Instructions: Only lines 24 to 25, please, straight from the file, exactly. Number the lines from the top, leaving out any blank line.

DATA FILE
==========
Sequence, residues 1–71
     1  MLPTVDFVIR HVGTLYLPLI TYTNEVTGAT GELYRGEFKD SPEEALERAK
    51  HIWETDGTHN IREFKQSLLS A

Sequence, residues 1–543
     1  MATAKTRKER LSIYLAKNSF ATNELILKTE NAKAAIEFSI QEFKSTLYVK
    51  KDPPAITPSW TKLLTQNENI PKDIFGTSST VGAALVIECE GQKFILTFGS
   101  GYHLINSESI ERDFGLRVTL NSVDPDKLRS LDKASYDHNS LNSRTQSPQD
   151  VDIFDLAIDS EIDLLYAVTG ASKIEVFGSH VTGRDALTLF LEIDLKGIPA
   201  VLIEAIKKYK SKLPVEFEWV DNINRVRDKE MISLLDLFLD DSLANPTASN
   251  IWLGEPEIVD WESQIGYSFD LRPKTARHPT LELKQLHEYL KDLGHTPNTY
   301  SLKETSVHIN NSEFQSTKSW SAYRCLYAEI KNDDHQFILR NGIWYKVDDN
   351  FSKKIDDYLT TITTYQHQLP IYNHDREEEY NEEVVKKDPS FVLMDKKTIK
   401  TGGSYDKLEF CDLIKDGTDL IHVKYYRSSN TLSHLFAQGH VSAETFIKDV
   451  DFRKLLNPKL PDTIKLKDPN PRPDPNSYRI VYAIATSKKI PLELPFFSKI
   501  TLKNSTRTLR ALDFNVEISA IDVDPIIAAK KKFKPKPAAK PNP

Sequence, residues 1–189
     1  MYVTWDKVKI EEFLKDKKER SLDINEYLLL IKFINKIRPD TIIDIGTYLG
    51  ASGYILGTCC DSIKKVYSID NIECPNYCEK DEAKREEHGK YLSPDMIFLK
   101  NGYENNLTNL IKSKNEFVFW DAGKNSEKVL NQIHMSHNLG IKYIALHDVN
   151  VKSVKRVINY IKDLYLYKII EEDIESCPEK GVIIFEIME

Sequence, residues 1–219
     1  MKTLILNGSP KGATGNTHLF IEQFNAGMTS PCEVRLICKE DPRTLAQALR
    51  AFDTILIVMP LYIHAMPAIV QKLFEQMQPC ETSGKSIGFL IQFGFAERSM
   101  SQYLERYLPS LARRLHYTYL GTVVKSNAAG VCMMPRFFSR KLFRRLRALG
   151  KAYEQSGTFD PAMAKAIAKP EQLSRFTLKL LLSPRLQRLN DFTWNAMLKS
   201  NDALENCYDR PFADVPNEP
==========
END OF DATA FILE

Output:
   101  SQYLERYLPS LARRLHYTYL GTVVKSNAAG VCMMPRFFSR KLFRRLRALG
   151  KAYEQSGTFD PAMAKAIAKP EQLSRFTLKL LLSPRLQRLN DFTWNAMLKS